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Problem Child

pcEditor’s Note: Assorted emergencies have precluded updates; in light of recent news about Malcolm Young please enjoy this Best Of World View from August 2009.

Pervasive summer fog punctuates another longish San Francisco stay and by trip’s end my condition mirrors area weather: low, even, and not letting up anytime soon. The flight is thankfully shorter west-east. A late life first time father takes advantage of his infant son’s only silent in-flight interval, picking the kid up and making raspberry sounds on his forehead. Junior starts wailing again and I’m about to deck a sexagenarian. I restrain myself admirably, endure the rest of my air time, and cab it home from Kennedy. The apartment is clean, left so by my landlord renting it back for a mid-summer stay. A cold slice awaits me, the air conditioning is on, and my eyes and brain readjust once more to the readjustment. Except this time the blur hangs a little longer and something in my brain feels even funnier than usual. I chalk it up to geographical ambivalence, barometric fluctuation and Eastern Daylight Time. Chalk it up to too many things to chalk it up to.

Wednesday rolls in – high eighties, sweaty and charcoal dark by mid afternoon. Foreboding skies threaten to the point of no return. An uneasy, day-long pressure builds with each taken and held breath like a thumb over a cranked garden hose. Isolated, large splatters of rain hit the window and a blue chunk of forked lighting touches down blocks away with a throbbing, charged electric buzz before a slam of punishing thunder sets off a half dozen car alarms. Water slashes in vertical sheets, hard enough to pull leaves from branches and sting the paved street on contact. Something inside of me adjusts and the thumb pops off the nozzle.

Friday night I’m waiting in an exceptionally long line at Penn Station, hundreds winding back from a ticket machine spitting passes for a new rail line to Jersey. A dozen equally long lines twist and stem from identical machines and I figure I won’t be getting to where I’m going ’til midnight. But things tend to move fast in this city and people generally know what they’re doing. I make good time to the front and purchase a ticket to Secaucus and an adjunct rail to the Meadowlands. I’ve received birthday tickets for hard rockin’, boogie-woogie madmen AC-DC. Seeing them at Giants Stadium is a last chance rite of passage and noting that I’m too old for this shit is beyond irrelevant. I soon find myself in a passenger car, shoulder to shoulder with fans twenty years my senior and junior. “Ladies and Gentleman,” the conductor cracks over speaker, tongue firmly in cheek, “welcome to the AC-DC rock ‘n’ roll train ..” Mayhem.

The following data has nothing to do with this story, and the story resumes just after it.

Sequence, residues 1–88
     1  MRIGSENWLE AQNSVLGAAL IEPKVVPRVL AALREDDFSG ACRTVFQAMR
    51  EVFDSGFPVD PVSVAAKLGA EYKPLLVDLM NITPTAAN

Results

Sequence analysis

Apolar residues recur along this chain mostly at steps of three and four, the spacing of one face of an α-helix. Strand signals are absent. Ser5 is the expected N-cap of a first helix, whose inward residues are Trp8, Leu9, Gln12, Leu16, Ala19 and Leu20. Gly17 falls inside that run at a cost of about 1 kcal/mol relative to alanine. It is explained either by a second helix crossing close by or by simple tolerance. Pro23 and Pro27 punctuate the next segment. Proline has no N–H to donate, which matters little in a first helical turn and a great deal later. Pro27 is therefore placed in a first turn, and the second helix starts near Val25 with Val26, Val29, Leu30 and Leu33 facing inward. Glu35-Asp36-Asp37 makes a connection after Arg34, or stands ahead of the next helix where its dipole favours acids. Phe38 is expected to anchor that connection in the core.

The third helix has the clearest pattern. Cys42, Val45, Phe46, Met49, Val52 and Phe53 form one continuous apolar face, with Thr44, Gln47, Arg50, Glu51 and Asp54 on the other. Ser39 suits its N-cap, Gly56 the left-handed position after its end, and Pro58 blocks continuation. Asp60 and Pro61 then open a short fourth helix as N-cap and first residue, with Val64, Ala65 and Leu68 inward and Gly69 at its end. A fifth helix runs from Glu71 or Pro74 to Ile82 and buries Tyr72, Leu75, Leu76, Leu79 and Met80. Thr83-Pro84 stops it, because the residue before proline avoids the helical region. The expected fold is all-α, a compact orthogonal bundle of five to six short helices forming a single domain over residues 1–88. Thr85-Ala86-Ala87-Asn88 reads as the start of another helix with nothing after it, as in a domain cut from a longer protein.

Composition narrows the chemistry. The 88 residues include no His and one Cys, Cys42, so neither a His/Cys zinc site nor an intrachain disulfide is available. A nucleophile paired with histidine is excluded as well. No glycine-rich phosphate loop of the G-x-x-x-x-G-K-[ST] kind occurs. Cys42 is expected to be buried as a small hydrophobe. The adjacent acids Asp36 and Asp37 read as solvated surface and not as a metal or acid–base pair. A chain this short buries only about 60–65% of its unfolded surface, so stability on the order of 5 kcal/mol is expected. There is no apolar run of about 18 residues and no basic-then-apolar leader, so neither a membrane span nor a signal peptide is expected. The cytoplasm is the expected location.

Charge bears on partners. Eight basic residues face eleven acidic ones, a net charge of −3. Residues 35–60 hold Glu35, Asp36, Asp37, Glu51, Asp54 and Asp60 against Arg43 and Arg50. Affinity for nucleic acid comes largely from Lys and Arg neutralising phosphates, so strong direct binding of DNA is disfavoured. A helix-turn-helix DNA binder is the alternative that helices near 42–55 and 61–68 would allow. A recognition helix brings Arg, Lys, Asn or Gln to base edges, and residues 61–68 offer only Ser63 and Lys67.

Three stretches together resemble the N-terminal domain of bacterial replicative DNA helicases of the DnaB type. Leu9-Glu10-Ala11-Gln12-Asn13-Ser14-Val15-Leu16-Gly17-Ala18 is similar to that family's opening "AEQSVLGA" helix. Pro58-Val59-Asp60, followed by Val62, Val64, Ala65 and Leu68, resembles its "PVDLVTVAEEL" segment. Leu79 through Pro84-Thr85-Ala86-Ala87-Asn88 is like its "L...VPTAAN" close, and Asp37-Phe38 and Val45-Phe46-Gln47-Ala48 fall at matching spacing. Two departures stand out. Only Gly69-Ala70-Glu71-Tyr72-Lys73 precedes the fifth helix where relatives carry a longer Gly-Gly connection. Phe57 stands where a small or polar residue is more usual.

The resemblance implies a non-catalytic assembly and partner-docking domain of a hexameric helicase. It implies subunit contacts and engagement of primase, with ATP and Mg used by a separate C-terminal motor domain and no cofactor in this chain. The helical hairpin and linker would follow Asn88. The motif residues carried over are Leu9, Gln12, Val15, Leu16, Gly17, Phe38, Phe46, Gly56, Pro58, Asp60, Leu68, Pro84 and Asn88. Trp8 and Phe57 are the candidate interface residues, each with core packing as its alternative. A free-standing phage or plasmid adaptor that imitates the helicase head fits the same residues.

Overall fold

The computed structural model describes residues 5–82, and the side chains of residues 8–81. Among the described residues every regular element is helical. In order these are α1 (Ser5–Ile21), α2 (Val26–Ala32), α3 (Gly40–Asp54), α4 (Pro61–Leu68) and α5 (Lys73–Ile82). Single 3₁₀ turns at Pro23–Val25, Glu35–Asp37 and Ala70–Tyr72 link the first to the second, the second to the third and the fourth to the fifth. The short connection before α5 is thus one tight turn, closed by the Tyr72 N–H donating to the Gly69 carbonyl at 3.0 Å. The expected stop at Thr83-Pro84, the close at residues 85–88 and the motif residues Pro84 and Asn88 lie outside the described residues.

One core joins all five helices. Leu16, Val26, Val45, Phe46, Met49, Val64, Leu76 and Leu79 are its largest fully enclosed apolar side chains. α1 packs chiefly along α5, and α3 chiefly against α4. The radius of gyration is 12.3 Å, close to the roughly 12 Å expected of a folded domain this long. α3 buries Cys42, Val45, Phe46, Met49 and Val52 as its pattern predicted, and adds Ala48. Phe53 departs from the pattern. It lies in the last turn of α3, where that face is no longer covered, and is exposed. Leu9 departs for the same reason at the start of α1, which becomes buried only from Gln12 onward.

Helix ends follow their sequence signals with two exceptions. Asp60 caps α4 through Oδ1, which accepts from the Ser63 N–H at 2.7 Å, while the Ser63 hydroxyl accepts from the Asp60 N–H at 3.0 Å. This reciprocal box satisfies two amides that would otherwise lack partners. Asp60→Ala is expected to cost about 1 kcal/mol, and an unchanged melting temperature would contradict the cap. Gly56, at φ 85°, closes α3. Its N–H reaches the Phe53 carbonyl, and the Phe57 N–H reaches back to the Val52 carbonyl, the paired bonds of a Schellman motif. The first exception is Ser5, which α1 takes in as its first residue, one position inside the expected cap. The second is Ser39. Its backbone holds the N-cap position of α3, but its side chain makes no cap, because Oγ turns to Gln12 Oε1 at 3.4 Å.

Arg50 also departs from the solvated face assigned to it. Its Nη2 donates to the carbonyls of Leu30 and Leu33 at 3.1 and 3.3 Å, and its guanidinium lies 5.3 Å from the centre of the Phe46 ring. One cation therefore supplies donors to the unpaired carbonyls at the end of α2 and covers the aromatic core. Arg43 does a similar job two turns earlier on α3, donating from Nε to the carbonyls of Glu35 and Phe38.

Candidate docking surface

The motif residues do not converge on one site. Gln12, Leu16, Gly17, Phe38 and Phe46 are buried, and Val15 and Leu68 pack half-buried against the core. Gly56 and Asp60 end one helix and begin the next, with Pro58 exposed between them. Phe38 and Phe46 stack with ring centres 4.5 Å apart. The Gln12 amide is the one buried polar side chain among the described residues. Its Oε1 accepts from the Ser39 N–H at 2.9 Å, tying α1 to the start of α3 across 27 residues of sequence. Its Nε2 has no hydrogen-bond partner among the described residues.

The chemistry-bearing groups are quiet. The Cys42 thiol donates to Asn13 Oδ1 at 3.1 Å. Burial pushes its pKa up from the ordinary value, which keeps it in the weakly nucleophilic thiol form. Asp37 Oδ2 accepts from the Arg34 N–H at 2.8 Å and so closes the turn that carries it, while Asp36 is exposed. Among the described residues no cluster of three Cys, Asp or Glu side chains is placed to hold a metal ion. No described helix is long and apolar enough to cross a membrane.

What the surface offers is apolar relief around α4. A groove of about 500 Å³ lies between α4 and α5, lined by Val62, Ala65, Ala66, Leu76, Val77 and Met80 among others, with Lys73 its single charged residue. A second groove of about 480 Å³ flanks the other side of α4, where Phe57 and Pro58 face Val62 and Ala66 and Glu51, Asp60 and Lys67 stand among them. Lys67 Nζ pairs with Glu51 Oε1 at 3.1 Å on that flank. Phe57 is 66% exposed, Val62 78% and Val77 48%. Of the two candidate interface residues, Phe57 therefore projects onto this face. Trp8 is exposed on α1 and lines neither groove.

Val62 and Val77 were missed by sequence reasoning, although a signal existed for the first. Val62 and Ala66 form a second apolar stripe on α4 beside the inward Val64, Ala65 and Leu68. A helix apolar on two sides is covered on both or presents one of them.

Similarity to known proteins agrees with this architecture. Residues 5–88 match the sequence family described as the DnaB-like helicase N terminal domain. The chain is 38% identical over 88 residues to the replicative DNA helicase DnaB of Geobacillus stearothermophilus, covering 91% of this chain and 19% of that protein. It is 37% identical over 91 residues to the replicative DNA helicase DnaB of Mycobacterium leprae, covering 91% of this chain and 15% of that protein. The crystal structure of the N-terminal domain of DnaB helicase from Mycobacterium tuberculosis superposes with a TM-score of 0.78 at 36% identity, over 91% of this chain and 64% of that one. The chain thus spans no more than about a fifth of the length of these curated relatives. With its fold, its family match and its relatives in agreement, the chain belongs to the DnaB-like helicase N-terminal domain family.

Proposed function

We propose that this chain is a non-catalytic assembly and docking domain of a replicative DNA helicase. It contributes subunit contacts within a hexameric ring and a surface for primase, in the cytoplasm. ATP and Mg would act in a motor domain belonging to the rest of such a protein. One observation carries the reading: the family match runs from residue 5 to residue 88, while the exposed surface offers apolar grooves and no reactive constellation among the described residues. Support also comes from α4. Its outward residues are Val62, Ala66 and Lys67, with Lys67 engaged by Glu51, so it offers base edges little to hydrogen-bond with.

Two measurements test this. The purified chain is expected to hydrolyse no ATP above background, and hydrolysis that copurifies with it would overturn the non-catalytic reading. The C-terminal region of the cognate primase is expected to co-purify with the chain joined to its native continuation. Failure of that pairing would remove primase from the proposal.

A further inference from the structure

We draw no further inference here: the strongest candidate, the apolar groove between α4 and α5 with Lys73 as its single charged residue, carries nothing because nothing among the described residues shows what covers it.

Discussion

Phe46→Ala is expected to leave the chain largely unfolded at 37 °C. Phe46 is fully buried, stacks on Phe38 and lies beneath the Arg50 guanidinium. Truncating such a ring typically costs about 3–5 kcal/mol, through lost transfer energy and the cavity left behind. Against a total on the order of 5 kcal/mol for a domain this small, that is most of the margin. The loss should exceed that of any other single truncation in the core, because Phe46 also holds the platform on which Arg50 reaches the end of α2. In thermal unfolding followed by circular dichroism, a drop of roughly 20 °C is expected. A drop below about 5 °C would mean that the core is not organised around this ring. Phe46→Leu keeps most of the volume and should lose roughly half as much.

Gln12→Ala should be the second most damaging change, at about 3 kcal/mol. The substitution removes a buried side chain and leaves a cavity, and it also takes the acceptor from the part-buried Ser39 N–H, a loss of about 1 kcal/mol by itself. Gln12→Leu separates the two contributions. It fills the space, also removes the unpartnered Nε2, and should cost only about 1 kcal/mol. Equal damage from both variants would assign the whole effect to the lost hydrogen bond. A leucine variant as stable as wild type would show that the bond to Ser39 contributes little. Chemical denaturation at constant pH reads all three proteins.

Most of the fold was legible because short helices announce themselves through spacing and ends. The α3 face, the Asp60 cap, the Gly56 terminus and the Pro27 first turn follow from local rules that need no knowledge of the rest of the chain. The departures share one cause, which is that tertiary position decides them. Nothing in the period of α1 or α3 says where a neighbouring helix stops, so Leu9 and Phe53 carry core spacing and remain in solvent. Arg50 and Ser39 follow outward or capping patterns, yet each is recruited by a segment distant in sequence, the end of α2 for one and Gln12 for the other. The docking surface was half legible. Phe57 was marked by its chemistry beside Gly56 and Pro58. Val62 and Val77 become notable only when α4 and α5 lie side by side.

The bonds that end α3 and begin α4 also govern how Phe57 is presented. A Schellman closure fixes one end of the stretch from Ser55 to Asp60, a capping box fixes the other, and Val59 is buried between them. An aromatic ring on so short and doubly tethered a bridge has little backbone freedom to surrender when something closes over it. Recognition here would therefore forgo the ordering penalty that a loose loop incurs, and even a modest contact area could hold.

It’s ten pm, skies have parted and rain stopped. Angus Young, all fifty-four years and five foot one inches, is selling it in his schoolboy uniform like there’s no tomorrow, convulsing around a massive stage and hundred yard catwalk like an epileptic Red Bull pitchman on a jittery day. The young couple in front of me of love it. He bolts for the aisle to join a Jersey muffler shop worker, playing Beavis to the older dude’s Butthead, horned fingers thrust and heads thrashing in crazed syncopation. She hangs back at their seats, dancing fluidly with her beautiful self, a pole-less untouchable stripper shattering the adage that youth is wasted on the young. It occurs to me, the thing about this band .. they’ve never taken themselves too seriously. The show rages on with relentless pace amid a stage decked with two huge, horned, inflatable schoolboy hats with capital “A’s” in front. A massive, wrecked, still-smoking locomotive protrudes above the drum kit with the numerals 666 across the nose. ‘Hell’ isn’t some solemn, spooky metalhead stance for this band; just a metaphor for no tomorrow. Fireworks explode in rapid-fire succession after the midnight encore, spectacularly anticlimactic when paired next to what Angus has left on stage: two gallons of sweat, a pint of blood, and every bit of himself. Rarely does one feel so compensated having put down twenty-nine fifty on a ticket. House lights come on and a thick cloud of smoke hangs over the Jersey night. Another New York day ends.

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